State leadership and decentralization work better in a crisis than nationwide measures decreed by a dictator-like authority.
On Saturday afternoon, Spain’s prime minister, Pedro Sanchez, put the 47 million people living in his country under a partial “lockdown,” closing retailers, shops, restaurants, and gymnasiums. That very evening France’s prime minister, Emmanuel Macron, announced the imminent shutdown of restaurants, bars, movie theaters, and nightclubs. It followed barely a week after Giuseppe Conte, Italy’s prime minister, announced a series of escalating closures in affected regions of Italy and the whole country. As I write, Angela Merkel is announcing “never seen before” measures including closing shops (while allowing certain categories of shops to be open on Sundays) and banning all gatherings including religious ones.
And so people are asking questions such as, “Why didn’t the U.S. federal government shut down restaurants and bars the way France and Spain did?” Or they are kvetching about the president. Writer Molly Jong-Fast complains, “So the states are basically governing themselves because our president doesn’t know how to president at all?”
Well, no. It’s simple: Our president doesn’t have dictatorial powers, even in a national emergency. The president doesn’t have the authority to shut down your local gin joint. Your state governor does have this power, in extraordinary circumstances. That so many governors have done so, often responding to popular demand for shutdowns, demonstrates America’s genuine practice of federalism — a system that is allowing us to respond to this crisis even faster than the states of Europe that have a more monarchical or centralized system of authority for a crisis.
One of the reasons federalism can act faster is that it allows decentralization. It is less politically risky to impose measures in one state than on an entire nation. You can respond where the hotspots are, rather than imposing costs evenly across an undifferentiated mass of the nation where the overall average risk may be low.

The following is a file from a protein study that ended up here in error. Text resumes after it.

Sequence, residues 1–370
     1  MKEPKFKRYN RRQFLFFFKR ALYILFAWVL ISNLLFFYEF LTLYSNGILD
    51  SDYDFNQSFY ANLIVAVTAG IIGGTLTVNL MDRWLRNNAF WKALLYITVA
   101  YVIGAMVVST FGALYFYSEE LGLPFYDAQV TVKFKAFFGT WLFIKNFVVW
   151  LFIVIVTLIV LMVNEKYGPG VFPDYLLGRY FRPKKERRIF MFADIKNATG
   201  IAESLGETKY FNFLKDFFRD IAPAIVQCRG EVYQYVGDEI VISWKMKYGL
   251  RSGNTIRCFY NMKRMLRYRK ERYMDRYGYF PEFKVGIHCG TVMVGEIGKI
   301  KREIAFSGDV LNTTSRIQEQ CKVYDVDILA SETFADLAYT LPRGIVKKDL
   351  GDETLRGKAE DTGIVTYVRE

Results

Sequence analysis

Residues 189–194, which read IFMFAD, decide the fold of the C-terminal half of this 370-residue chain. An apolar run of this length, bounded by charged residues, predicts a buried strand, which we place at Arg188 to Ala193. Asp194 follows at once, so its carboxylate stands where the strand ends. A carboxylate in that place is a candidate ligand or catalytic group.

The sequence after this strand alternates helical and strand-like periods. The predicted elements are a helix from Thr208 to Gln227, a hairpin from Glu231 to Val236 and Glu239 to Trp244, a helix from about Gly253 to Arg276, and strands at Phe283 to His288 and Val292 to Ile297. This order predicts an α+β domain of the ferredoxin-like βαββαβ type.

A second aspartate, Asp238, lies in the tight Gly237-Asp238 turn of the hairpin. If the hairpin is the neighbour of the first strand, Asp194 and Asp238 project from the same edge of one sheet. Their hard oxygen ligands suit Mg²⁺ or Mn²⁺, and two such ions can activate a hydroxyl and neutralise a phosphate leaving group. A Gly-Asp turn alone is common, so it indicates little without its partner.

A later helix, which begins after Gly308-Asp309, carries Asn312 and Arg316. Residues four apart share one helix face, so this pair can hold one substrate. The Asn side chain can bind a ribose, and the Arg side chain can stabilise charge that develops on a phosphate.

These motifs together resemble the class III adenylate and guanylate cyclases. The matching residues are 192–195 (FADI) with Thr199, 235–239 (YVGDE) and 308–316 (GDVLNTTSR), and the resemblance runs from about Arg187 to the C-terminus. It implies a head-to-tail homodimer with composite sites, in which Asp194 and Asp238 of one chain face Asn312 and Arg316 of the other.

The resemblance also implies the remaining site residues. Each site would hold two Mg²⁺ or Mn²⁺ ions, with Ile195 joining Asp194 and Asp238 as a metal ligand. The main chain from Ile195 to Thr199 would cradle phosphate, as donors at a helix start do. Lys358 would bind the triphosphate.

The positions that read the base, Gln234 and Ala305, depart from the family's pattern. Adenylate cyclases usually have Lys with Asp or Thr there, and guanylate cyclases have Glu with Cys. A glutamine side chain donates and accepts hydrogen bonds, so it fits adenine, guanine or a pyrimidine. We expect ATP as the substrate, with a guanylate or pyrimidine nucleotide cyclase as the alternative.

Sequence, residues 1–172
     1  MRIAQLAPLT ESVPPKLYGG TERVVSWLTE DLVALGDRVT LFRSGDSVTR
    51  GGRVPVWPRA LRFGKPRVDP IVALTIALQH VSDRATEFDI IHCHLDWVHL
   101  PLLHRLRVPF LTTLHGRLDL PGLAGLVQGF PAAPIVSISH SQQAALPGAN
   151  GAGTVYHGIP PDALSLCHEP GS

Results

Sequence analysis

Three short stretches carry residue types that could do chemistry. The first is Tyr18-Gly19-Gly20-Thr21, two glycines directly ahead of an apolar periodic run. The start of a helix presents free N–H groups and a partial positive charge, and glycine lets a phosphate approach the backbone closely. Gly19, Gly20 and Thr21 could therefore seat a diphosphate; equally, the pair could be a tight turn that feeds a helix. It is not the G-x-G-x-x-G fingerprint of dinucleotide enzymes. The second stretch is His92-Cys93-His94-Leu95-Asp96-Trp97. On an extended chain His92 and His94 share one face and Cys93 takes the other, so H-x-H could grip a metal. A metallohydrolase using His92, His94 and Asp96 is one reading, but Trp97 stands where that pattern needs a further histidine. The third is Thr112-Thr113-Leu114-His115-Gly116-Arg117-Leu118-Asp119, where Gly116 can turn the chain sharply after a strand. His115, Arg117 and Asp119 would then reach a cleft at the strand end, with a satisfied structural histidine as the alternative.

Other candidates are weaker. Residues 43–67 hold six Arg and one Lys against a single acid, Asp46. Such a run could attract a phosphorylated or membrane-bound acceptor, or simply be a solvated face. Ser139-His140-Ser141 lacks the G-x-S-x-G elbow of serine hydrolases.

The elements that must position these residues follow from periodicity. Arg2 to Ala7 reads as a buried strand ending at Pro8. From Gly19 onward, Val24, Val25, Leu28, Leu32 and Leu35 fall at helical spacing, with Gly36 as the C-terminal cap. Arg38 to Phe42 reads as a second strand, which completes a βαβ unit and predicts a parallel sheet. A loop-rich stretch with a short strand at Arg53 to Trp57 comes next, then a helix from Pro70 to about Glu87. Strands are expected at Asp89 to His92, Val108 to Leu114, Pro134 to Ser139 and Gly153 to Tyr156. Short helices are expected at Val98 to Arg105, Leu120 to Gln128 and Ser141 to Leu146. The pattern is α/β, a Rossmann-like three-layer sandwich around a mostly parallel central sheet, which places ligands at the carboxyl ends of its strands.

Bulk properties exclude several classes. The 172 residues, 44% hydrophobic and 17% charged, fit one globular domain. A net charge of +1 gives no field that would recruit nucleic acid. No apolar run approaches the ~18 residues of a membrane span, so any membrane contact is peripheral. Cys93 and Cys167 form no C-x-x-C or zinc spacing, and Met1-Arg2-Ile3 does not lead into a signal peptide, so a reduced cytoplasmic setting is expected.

With regard to school shutdowns and other official social-distancing measures, little would be different today underneath a Democratic administration or a different Republican president. What is the difference between President Trump’s bloviating, and Governor Mike DeWine’s imposing restrictions in Ohio, and a hypothetical President Clinton’s having an advisory conference call with governors? Under a Democratic administration, we’d still have local school districts assessing their local circumstances and fretting over their decisions, as they should.
And in fact, given our character as a nation, it is better that it is this way. When President Trump first imposed the travel restrictions on China — you know, the ones that he can’t stop bragging about — the initial partisan kick-reflex among Democrats and in certain sections of the media led people to immediately criticize the measure as xenophobic and ineffective. If Trump had then set about closing New York’s restaurants, many of the same critics would be asking: What happened to the authority of mayors and governors? And when did the United States become a dictatorship?
These measures are extraordinary, and they are meant for extraordinary times. But because they have been enacted in a bottom-up way, in response to demand from citizens, they have a legitimacy they’d lack if the executive branch, by fiat, had tried to convert, overnight, into an East Asian or European-style authoritarian body.
It’s also a reassuring that popular demand, and individual governors motivated by it, can, when the time comes, reverse these costly shutdowns and other impositions on our social and economic life.
(C) 2020 National Review